And now the DX news compiled from 425 DX News and other sources

The great Solar Eclipse QSO Party mentioned earlier is sure to bring some interesting DX, if only because of the sheer number of stations expected to be experimenting with the anomalous propagation conditions. Listen out for them on 160, 80, 40, 20, 15, 10 and 6m. Other bands are not being used.

If you’re quick, you may catch the activation of Robben Island, IOTA reference AF-064, which will be on the air as ZS9V until 21 August at 0000UTC. Bands in use will be from 80 to 10m and the operators are ZS1V, ZS1VDV, ZS1AN and ZS1REX. QSL manager is M0OXO, direct or OQRS.

Sao Miguel, EU-003, is being activated this weekend until 1900 today as CR1FF. Operators are CU2GC and CS8ABY. QSL direct via CS5NRA or via the bureau.

Kasado, AS-117 will be on the air next Saturday as JA4GXS/4. Bands in use will be 40, 20 and 17m, CW and SSB. QSL direct or bureau to JA4GXS.

Now the special event news

The 19th and 20th is International Lightships and Lighthouses weekend, with numerous special event stations active around the world. We gave details of a number of stations in last week’s bulletin, which we won’t repeat today. The official list of all 436 entrants, including around 25 UK Special Event Stations, is at

A wide range of special event stations are also expected to be on the air to mark, or experiment with, the solar eclipse that will cross the USA on Monday.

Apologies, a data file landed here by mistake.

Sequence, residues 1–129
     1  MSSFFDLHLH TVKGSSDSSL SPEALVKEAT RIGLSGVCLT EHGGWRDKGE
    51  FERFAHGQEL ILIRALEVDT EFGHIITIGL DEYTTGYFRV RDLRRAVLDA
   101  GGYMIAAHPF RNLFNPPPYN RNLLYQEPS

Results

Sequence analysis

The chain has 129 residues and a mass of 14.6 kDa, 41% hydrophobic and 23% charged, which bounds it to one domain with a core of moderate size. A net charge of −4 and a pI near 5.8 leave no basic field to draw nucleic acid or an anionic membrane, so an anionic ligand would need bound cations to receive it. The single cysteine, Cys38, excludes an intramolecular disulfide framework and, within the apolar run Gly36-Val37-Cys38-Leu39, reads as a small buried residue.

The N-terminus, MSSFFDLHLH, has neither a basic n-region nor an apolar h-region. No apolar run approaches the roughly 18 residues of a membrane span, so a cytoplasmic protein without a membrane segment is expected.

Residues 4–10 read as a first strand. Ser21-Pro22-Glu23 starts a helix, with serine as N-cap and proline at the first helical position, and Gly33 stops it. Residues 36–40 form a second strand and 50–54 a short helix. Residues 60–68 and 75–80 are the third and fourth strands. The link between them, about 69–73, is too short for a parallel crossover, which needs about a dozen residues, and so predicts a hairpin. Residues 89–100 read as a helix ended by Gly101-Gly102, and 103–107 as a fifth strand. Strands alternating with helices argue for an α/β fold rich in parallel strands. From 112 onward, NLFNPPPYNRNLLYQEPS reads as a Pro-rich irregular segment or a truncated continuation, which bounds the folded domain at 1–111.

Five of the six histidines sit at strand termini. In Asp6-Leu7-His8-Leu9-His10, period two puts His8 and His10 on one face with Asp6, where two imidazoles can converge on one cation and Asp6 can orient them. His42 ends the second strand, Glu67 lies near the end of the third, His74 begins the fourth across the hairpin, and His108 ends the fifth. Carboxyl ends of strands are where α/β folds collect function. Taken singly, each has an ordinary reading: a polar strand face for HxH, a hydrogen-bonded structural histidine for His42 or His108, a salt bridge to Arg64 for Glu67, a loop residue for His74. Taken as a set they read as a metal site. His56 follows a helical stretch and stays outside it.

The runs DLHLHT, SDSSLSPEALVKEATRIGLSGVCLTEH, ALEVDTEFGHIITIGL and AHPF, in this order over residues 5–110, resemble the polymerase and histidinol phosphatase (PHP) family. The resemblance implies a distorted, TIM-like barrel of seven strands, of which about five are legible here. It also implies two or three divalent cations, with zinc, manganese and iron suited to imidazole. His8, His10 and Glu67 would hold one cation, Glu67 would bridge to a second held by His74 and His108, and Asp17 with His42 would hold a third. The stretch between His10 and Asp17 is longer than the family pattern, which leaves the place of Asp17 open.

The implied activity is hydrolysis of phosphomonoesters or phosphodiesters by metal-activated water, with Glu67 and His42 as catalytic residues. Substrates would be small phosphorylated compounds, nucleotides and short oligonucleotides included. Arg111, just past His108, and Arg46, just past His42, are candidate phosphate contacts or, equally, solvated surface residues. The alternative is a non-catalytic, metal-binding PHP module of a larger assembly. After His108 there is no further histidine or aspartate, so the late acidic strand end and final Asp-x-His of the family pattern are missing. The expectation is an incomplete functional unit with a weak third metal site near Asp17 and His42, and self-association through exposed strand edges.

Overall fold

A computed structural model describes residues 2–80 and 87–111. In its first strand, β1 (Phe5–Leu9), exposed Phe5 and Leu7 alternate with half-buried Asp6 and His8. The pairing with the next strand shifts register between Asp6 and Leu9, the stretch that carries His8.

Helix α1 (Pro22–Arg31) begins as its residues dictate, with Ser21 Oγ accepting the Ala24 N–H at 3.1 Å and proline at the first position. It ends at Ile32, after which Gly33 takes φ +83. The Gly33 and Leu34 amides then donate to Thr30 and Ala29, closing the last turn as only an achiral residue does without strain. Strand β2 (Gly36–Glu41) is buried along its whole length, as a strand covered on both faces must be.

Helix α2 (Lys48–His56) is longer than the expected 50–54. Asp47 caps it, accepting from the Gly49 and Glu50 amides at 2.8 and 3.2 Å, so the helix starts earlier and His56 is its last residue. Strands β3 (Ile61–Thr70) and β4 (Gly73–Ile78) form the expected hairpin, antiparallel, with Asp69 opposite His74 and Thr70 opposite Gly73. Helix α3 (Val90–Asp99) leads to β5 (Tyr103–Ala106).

A special event station will be active from The Montrose Air Station Heritage Centre Open Day from 10am-4pm on 26 and 27 August. Contact Ewan Cameron, MM0BIX, on 01674 676 740 for more details.

Rugby Amateur Radio Transmitting Society will operate GB0RRS from 10am on Saturday 26th August until 12:00 on Friday 22nd October, celebrating Rugby Radio Station.

Now the contest news

The SHF UKAC takes place on Tuesday from 1900 to 2130UTC. Activity is on all modes on all bands from 2.3 to 10GHz. RST, serial number and locator form the exchange.

Next Sunday, the 27th, sees the UKuG contest from 0600 to 1800UTC. Using all modes on the 5.7 and 10GHz bands, the exchange is RST, serial number and locator.

Finally, the ITTS Counties contest takes place on 2m SSB and FM next Sunday from 1300 to 1500UTC. The exchange is RST and serial number, with all stations on the island of Ireland also giving their County.

Now the radio propagation report, compiled by G0KYA, G3YLA and G4BAO on Friday 18th August.